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The Environment is Becoming a 'Pain'

From the Show: Wellness for Life
Summary: Over 100 million people suffer from chronic pain, and the cause could be what is found in the environment.
Air Date: 5/15/15
Duration: 10
Host: Susanne Bennett, DC
Guest Bio: Gary Kaplan, DO
Gary-2-Large1-e1391176981785Dr. Gary Kaplan, D.O., a pioneer of integrative medicine, is one of just 19 physicians board certified in both family medicine and pain medicine and practices in McLean, VA. A clinical associate professor at Georgetown University and director of the Kaplan Center for Integrative Medicine, he has also served as a consultant to the NIH and, in October 2013, was appointed to the Chronic Fatigue Syndrome Advisory Committee at Health and Human Services. He has discussed his work on Good Morning America, NPR, NBC News, as well as in New York Times, Washington Post and Wall Street Journal. He resides in Falls Church, VA.
The Environment is Becoming a 'Pain'

Dr. Gary Kaplan discusses the connection between chronic pain and the environment around us. 

Find out how Lyme disease and other diseases also play a part in what is causing chronic pain in some sufferers. 

Get tips on preventing chronic pain and easing symptoms if you're one of the many people who live with this debilitating condition. 


RadioMD PresentsWellness for Life Radio | Original Air Date: May 15, 2015
Host: Susanne Bennett, DC
Guest: Gary Kaplan, DO

You’re listening to Radio MD. She’s a chiropractic, holistic physician, best-selling author, international speaker, entrepreneur and talk show host. She’s Dr. Susanne Bennett. It’s time now for Wellness For Life radio. Here’s Dr. Susanne.

DR. SUSANNE: Do you, suffer from chronic pain, headaches, muscle aches, joint pain? Well, you’re not alone. There are approximately a hundred million people in the United States suffering from chronic pain. My next guest joins me today to share with you how the environment around you may be causing this pain and how you can find treatment. Please welcome a pioneer of integrative medicine and best-selling author of Total Recovery Breaking This Cycle of Chronic Pain and Depression, Dr. Gary Kaplan. Thanks for being here, doc.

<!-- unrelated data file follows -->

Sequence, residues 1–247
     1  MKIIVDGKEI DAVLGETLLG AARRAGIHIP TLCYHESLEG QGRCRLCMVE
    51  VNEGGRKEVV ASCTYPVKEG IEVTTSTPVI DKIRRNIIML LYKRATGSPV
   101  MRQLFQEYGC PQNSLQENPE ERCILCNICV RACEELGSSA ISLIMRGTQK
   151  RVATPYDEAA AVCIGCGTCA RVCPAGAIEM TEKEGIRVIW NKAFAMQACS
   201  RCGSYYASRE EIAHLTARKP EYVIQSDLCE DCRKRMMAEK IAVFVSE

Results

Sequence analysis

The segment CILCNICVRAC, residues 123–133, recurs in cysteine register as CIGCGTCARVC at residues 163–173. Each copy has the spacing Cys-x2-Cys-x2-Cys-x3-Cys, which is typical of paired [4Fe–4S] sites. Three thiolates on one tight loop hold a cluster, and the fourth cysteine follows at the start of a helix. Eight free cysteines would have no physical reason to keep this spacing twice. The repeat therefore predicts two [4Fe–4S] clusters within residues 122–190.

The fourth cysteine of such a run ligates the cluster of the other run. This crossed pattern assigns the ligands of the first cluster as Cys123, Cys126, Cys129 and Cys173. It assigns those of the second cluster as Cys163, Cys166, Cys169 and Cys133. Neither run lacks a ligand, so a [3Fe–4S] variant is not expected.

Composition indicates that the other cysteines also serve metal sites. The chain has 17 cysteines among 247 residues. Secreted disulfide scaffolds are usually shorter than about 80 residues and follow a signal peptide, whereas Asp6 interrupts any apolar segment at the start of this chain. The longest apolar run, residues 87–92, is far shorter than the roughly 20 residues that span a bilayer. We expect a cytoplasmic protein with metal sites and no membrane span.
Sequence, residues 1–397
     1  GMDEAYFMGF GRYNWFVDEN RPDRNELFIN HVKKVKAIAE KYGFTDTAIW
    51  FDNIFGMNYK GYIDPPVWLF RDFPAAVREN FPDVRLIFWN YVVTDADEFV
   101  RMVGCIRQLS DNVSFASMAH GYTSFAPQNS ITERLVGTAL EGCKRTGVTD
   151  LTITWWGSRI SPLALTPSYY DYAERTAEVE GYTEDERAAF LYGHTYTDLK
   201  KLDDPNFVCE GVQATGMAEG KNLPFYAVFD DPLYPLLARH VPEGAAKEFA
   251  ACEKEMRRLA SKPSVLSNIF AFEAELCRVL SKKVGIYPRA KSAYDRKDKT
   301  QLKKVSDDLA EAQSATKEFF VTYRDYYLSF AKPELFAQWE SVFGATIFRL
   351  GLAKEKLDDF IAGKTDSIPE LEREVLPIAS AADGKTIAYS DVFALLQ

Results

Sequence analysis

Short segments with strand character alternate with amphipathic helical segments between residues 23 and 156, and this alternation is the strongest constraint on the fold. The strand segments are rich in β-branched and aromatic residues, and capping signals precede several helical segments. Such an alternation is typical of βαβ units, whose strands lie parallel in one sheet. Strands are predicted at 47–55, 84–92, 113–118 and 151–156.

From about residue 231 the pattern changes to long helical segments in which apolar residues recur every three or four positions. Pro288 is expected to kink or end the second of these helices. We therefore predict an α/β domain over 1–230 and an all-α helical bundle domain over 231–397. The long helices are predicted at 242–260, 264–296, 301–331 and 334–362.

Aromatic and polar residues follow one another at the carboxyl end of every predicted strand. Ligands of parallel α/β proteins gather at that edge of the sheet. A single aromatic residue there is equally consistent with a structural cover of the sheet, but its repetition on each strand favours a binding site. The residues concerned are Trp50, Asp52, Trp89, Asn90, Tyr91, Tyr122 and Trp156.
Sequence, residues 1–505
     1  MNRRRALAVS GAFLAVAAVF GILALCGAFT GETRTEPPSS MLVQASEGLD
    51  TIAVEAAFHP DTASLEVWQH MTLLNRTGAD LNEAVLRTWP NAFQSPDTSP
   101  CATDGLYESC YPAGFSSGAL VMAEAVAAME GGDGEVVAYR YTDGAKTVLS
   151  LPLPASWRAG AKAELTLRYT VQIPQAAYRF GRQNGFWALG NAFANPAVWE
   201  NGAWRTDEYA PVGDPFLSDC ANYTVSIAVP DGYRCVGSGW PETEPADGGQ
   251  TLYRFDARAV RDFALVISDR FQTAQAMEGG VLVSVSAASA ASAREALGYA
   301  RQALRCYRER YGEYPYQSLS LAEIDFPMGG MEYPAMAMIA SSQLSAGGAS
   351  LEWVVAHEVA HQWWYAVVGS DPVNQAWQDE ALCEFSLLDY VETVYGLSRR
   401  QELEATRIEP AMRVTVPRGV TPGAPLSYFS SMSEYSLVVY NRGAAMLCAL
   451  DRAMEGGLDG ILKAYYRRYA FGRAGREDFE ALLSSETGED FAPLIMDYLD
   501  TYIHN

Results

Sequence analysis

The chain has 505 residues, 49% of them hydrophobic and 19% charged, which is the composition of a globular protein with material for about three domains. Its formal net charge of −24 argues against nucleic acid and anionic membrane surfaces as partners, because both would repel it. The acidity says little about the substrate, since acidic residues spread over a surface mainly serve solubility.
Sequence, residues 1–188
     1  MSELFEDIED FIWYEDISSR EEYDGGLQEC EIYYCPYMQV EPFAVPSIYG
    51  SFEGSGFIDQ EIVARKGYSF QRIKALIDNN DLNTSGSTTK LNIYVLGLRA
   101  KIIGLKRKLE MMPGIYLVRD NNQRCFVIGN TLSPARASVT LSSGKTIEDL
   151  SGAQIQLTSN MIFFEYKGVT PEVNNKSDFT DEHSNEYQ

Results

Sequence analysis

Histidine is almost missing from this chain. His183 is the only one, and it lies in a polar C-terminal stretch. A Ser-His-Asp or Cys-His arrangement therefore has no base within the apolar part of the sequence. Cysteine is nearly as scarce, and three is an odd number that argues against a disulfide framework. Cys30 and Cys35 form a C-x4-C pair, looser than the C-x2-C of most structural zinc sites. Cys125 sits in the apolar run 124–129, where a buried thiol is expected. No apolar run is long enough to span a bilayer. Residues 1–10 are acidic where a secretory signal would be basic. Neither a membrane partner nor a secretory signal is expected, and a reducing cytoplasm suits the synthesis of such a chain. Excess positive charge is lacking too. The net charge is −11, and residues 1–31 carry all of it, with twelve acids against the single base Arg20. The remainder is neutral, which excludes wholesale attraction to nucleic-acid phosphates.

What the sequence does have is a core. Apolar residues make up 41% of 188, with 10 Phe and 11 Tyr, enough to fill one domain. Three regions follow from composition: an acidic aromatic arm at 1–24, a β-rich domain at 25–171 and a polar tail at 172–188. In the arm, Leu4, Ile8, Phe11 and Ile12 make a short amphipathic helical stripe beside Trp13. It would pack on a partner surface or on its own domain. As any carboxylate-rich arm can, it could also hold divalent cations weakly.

DR. GARY: Once again, thank you for having me.

DR. SUSANNE: Absolutely! Tell the listeners first, what would you consider chronic pain? We all know acute pain is like when you slip and fall, and hit yourself, and you’ve got this major bruise and swelling. What is chronic pain?

DR. GARY: So, actually chronic pain and acute pain are two very different things, it turns out. Acute pain is when you directly hit yourself, the tissue is damaged, the body part’s damaged and over time it heals and resolves and you’re done.
Chronic pain is any pain that persists after a period of time of expected healing. So that that can be typically about six weeks out after an injury is occurred. So, chronic pain is on-going. The chronic pain is also a curse in terms of migraine headaches, which are recurrent in people. People will suffer in chronic daily headaches, fibromyalgia, osteoarthritis. Osteoarthritis and low back pain are, by the way, the number one and two causes of disability in this country. They cause something in the order of about $18 million dollars and start affecting eighteen million people a year with these disabilities. So, we actually don’t do very good job at treating chronic pain.

DR. SUSANNE: Well, the chronic pain that I know of, like you’ve just said, as a chiropractor, we deal with low back pain. You’re absolutely right. But the problem is that there are not good enough treatments. There aren’t good enough therapists and a lot of us go for the surgery because that’s all they know but even…there are a lot of failed surgeries, isn’t it that right too?

DR. GARY: Oh, there’s a huge amount of failed surgery. The fact of the matter is, we are horrible at treating chronic pain. If you just look at the statistics, if you happens to suffer with chronic pain, your odds of recovery are about forty-eight percent. If you happen to suffer with chronic pain and depression or anxiety disorder, your odds of recovery drop under 10 percent. Think about that. This is a less than chance of getting better in terms of getting better with conventional medical therapy. And the reason for that is because we have not understood what this problem is. We treat these conditions as if they are the disease itself. Fibromyalgia, headaches, when in fact what they really are, is symptom of an underlying inflammatory problem in the brain. This is a brain on fire symptom. And so what we need to do then is step back and say, “Okay, what is it this that’s causing the brain to be inflamed, and then how do we go about our treating it?” And once we start asking those questions, that we understand the basis and what I go into in my book, is how the brain gets inflamed because it typically occurs as a result of cumulative assaults multiple times and with the brain has concussions or you have problems with mold exposures we discussed previously.
Celiac disease, I’ve had patients who’ve had chronic migraines, who in fact had celiac disease and that was the sole presentation of the celiac. They had no gastro-intestinal symptoms. So, if you don’t know to ask questions about what’s creating the inflammation, then you don’t get the right answers and inevitably you don’t get the result that is the resolution of the pain for the patient.